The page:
quotes A call to improve food security on World Food Day

13 October 2021
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Updated 13 October 2021

A call to improve food security on World Food Day

The term food security was coined back in 1974 at the World Food Conference. The conference was convened by the UN Food and Agriculture Organization in Rome following a famine in Bangladesh. During the conference, Henry Kissinger, the former US secretary of state, declared that no child would go to bed hungry within 10 years. Nearly 50 years on, famines continue to exist, with growing populations in some emerging markets, harsh climates (and climate change) impacting potential crop yields, and food wastage across the globe all contributing to the challenge of food security. 

This comes against a backdrop of the UN Sustainable Development Goals, including a commitment to improving security. Food security is defined as a situation wherein all people, at all times, have physical, social, and economic access to sufficient, safe, and nutritious food that meets their food preferences and dietary needs for an active and healthy life.

Recently, an article for Global Cause by Dr. Maximo Torero Cullen, chief economist at the Food and Agriculture Organization, highlighted that 3 million people worldwide lack healthy diets. Last year, there was an increase of 161 million people facing hunger. Some 690 million people today are going hungry. He noted that the global agriculture sector faces considerable challenges in delivering better quality food and distributing it equitably.

Distribution is a real issue. The reliance on importing adds to the problem for some countries, and the biggest importers aren’t necessarily those you would expect. Germany tops a table provided by FAOSTAT for importing fresh and dried vegetables. China, the US, and Spain come next. Red Sea Farms’ home, Saudi Arabia, is fifth.

Red Sea Farms is passionate about improving food security. Our focus is on feeding the world sustainably. As we grow, we want our technology to significantly impact sustainable food production, enabling more products to be farmed and used where harsh climates make it more challenging to grow. Dr. Cullen’s article mentioned earlier highlights that AgTech solutions have a role to play.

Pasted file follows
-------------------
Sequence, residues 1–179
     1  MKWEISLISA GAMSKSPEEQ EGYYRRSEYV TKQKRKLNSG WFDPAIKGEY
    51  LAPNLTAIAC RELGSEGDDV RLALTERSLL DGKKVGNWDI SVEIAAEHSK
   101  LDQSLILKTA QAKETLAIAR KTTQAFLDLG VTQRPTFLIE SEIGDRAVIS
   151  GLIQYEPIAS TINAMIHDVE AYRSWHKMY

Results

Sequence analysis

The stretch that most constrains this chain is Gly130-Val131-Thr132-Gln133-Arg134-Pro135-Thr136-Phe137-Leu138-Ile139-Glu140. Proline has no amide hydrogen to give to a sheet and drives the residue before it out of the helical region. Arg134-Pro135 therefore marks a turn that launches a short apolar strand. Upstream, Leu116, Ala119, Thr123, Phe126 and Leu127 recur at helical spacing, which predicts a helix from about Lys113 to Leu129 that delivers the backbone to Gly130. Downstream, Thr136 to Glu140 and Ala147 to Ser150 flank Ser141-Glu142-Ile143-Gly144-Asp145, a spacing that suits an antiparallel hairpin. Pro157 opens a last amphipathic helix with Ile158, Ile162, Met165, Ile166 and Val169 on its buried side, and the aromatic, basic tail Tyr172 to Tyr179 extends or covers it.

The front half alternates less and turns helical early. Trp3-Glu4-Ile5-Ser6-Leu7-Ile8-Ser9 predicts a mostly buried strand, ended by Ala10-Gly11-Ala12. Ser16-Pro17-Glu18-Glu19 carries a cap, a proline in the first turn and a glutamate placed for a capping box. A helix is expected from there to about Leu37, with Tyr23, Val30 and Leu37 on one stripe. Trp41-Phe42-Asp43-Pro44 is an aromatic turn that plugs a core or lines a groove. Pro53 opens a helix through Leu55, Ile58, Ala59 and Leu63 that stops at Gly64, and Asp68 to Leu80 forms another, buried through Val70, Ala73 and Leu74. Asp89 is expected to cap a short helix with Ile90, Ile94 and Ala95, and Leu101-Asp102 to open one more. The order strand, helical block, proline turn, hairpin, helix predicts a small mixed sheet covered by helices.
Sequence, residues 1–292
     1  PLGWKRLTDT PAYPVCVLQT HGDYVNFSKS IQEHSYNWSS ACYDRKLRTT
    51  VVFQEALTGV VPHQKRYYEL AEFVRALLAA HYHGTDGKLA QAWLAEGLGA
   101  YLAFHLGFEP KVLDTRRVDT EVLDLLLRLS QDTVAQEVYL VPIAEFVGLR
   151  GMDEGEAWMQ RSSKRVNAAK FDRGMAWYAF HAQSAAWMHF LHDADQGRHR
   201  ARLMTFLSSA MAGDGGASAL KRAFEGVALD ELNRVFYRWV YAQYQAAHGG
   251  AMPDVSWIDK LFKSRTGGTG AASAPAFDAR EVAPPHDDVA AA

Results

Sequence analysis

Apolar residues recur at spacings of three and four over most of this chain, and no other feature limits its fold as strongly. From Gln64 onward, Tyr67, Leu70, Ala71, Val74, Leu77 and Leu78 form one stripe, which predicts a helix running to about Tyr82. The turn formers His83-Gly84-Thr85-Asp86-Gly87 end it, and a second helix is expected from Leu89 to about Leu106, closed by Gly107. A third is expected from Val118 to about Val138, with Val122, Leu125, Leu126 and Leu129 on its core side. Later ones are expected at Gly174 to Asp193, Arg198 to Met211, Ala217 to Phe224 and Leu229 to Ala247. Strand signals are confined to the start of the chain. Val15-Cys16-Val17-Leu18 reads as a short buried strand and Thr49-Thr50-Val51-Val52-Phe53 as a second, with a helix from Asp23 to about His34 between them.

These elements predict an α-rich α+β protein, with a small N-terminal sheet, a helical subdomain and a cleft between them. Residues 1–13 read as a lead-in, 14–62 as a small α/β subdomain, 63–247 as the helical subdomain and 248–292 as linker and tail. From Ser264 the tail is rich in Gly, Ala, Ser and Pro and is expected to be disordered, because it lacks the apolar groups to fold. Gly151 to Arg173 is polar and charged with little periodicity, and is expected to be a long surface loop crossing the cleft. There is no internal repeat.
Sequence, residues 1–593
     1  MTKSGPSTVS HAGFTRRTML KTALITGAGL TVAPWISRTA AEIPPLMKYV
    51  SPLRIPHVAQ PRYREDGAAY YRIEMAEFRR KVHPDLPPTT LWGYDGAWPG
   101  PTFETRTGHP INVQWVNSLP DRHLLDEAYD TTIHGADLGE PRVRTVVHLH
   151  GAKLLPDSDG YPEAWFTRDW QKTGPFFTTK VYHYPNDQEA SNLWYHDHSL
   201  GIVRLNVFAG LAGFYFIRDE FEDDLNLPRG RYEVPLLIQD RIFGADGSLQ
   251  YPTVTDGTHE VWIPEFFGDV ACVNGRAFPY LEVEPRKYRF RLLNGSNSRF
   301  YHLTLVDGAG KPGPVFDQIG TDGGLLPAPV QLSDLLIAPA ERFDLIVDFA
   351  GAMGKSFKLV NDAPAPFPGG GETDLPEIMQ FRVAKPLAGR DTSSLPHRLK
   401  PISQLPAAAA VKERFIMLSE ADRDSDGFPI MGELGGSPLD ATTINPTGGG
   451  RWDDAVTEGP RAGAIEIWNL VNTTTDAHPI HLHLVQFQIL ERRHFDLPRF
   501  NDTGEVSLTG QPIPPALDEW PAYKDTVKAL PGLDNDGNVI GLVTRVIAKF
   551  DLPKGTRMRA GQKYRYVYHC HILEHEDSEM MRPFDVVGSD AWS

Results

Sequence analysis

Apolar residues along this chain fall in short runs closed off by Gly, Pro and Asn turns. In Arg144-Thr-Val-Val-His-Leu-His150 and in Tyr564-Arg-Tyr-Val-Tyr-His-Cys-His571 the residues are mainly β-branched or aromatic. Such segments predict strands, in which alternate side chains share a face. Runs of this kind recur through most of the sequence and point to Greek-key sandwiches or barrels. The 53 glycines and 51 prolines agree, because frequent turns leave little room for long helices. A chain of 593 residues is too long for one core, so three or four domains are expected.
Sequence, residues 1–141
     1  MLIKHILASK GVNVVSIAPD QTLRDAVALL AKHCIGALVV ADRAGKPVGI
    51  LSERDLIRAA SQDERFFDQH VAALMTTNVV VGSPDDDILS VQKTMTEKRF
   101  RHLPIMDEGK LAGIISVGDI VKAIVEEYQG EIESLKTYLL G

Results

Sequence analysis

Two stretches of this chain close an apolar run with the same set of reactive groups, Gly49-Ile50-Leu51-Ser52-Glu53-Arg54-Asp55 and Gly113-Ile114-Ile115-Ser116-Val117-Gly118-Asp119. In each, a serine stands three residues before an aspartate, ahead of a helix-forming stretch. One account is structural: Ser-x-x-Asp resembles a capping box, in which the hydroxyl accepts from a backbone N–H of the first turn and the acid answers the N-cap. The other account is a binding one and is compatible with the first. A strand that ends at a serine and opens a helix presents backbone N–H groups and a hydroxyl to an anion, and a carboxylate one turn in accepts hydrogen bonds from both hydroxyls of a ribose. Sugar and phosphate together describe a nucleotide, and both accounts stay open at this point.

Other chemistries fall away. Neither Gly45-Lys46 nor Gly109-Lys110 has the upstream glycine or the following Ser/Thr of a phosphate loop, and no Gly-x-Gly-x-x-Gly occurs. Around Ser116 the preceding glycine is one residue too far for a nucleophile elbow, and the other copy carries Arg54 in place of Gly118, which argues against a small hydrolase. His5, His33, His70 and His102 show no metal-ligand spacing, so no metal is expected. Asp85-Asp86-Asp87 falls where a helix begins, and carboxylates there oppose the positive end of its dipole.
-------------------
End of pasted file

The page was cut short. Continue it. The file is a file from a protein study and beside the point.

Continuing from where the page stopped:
We have created unique technology driven by saltwater, desiccants, and sunlight. It is perfect for use in harsh climates where sunlight is abundant and freshwater limited. Given that Saudi Arabia has these attributes, it is an ideal place for us to research, design, and test commercial facilities. Our tomatoes are now sold locally, providing consumers with fresher, great-tasting produce that reduces the carbon footprint of the Saudi food industry.

The wider industry needs to embrace food technology that will reduce hunger, deliver better quality food, and encourage more equitable distribution. Of course, this will require investment; however, protecting the planet can be accomplished along with profit. Advances in technology mean that even now, costs have come down for previously importing locations to use technology for local food production. 

Consumers can support the cause for greater food security by choosing local products and using firms with strong environmental and social principles. Consumers deserve access to better, healthier food.

On World Food Day, we are encouraged to be more responsible with natural resources and nurture people to make better food choices. Red Sea Farms would like to ask governments, the private sector, the food industry, and consumers to help us by playing their part to improve food security. 

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  • Dr. Ryan Lefers, CEO of Red Sea Farms. 
  • Red Sea Farms is a smart-agriculture Saudi company that grows produce in an environmentally and economically sustainable way in water-scarce places, reducing carbon and water footprint in the food sector. Red Sea Farms has been recognized with multiple awards such as the 2021 UN Food Systems Summit Award, the 2020 UAE FoodTech Challenge Award and the Entrepreneurship World Cup Award 2019.